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On UNIX and UNIX-like systems, you can set file path in Python with ease. However, this isn’t the case with Windows. Find out why and what you can do to overcome the problem.
File Paths In Operating Systems
On Windows systems, you will have to deal with traditional DOS paths most of the time. A standard path can have up to three components:
- A letter indicating the drive or volume, followed by a separator (a semicolon).
- The directory name in the nested hierarchy. The backslash (/) character is typically used to separate directories in this path.
- The filename (optional). It is separate from the file path with the directory separator character.
When there are all three components, they form an absolute path. If the drive or volume letter isn’t present, you have an absolute path from the current drive’s root. Otherwise, it is a relative path from the current directory.
A relative path on Windows may have a relative directory segment like “.” (which indicates the current directory) or “..” (the parent directory).
Unix and Unix-like systems also have their own directory tree hierarchy. Their definitions of absolute and relative paths are similar to those of Windows systems. However, there is a major difference in file paths between those operating systems.
While Windows uses the backslash (
/) as the delimiting character between directories, POSIX systems like Unix use the (forward) slash (
/) for the job.
Set File Path In Python
In general, you can just use a string to represent your file path in POSIX systems.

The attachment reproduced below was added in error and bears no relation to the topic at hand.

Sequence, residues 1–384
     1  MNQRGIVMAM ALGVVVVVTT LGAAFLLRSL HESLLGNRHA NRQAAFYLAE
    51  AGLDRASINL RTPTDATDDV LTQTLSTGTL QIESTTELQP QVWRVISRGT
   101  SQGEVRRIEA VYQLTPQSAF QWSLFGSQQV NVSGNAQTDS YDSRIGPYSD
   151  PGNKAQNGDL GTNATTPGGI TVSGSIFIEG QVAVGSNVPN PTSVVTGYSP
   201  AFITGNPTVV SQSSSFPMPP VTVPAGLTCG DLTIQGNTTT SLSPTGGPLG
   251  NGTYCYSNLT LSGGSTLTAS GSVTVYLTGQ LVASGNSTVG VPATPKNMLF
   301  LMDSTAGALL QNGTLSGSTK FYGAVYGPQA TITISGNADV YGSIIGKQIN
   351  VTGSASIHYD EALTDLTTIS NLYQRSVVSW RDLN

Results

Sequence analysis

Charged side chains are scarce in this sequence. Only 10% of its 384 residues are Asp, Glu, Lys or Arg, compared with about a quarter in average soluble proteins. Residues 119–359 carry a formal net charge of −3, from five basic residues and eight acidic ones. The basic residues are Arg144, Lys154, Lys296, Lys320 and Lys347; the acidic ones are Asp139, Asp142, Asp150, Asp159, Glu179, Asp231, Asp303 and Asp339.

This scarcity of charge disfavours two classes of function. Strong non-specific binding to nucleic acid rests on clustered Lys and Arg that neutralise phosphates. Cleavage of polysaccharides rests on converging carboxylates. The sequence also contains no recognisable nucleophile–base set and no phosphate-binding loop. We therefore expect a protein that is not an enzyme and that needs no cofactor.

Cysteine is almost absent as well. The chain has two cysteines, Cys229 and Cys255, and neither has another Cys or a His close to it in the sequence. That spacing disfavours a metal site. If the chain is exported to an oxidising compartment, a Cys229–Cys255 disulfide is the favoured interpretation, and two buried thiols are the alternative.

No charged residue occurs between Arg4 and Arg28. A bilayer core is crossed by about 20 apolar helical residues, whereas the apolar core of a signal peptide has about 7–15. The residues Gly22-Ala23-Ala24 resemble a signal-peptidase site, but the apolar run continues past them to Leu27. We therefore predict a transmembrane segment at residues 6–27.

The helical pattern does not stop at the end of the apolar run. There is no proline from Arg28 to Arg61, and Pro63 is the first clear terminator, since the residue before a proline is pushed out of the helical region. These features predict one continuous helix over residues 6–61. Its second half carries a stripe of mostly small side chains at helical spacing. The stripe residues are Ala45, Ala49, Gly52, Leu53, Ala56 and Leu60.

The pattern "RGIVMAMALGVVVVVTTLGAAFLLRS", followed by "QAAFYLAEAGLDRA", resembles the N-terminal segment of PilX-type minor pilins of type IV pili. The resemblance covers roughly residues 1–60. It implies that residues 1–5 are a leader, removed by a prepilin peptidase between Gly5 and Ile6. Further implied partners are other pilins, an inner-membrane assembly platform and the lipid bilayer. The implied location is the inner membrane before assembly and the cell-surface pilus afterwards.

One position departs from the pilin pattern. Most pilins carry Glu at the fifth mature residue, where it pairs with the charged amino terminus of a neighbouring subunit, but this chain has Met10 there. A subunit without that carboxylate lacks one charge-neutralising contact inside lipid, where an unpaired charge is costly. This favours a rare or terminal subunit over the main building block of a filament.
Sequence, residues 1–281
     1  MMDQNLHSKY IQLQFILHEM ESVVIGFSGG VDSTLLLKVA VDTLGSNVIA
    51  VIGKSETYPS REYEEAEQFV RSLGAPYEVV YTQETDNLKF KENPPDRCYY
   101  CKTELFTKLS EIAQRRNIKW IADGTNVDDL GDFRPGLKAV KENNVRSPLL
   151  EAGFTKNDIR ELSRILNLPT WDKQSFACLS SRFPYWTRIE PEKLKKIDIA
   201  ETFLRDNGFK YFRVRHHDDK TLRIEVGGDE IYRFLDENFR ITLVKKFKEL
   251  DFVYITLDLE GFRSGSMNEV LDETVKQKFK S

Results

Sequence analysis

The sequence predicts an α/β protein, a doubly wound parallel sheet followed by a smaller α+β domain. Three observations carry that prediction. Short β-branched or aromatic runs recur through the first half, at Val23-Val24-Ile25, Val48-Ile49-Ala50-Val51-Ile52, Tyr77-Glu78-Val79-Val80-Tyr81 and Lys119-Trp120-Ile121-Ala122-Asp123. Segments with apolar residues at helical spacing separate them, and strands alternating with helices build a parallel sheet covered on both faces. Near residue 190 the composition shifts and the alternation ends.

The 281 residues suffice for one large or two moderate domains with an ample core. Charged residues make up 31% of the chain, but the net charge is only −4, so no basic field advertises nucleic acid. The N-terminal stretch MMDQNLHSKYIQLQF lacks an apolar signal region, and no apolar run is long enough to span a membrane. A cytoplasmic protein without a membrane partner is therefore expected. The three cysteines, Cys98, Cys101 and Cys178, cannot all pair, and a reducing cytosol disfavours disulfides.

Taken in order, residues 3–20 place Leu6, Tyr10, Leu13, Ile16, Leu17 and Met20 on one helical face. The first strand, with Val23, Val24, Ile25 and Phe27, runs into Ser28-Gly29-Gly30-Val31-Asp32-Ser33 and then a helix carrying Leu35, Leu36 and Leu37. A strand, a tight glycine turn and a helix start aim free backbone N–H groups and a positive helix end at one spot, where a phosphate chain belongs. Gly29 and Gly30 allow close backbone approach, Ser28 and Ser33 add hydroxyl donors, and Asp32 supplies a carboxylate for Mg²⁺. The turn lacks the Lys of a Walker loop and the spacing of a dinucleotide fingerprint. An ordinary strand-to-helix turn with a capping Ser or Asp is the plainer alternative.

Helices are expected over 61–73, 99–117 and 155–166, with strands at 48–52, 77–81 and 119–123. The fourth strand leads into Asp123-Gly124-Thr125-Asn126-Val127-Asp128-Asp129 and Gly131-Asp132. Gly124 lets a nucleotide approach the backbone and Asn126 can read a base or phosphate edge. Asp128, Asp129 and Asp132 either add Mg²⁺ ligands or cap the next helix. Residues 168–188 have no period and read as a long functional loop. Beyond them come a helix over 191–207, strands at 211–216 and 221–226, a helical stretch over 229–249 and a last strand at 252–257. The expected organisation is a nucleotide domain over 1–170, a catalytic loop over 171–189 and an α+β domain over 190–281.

>>> import os.path as path >>> path.exists('/usr/bin') True
This also works for relative paths:
>>> path.exists('./ITTutoria') True
Windows users, however, may run into some minor problems. In Python strings, the backslash (
\) is a special character, or to be more specific, the escape character.
When used in conjunction with another character, it invokes a different interpretation of that character. The combination is also known as an escape sequence.
Like other programming languages, Python uses these escape sequences for special characters, such as control characters. For instance,
\n represents a newline character,
' – single quote,
\t – tab,
\b – backspace, etc.
That is why you will have problems with the backslash in a Windows path. Python doesn’t interpret it as the delimiting character between directories by default, and you may see wrong results like this:
>>> path.exists('D:\new_project') False
Python will see \n and treat it as the escape sequence for a newline character instead of your correct path. As a result, the
exists() function can’t detect your directory and returns False.
With String Literals
There are several ways to solve this. You can use two backslashes (
\\) as the escape sequence for a backslash itself. When Python reads ‘
\\n‘, it only interprets the substring as ‘
\n‘, not a newline character anymore.
>>> path.exists('D:\\new_project') True
To avoid the trouble, you can also use a string literal instead.
>>> path.exists(r'D:\new_project') True
When prefixed with an ‘r’ or ‘R’ character, your sequence of characters becomes a string literal, and Python will ignore escape sequences like ‘\n’.
join() function allows you to join several components to make a valid file path. It returns the concatenation of those components, added with the correct separator of your operating system.
>>> import os.path as path >>> filepath = path.join('D:', 'new_project') >>> path.exists(filepath) True
The pathlib module is available on Python version 3.4 or above. It comes with several tools for dealing with filesystem paths, including the Path class. Instances of this class represent paths of your operating system in an intelligent way.
>>> from pathlib import Path >>> filepath = Path('D:\new_project') >>> path.exists(filepath) True
On Windows, you can use a string literal, the
os.path.join() function, or the pathlib.Path class to set file path in Python. They stop Python from interpreting the backslash as an escape character and lead to unexpected results. Knowing this will help you, for example, add Python to PATH on Windows easier.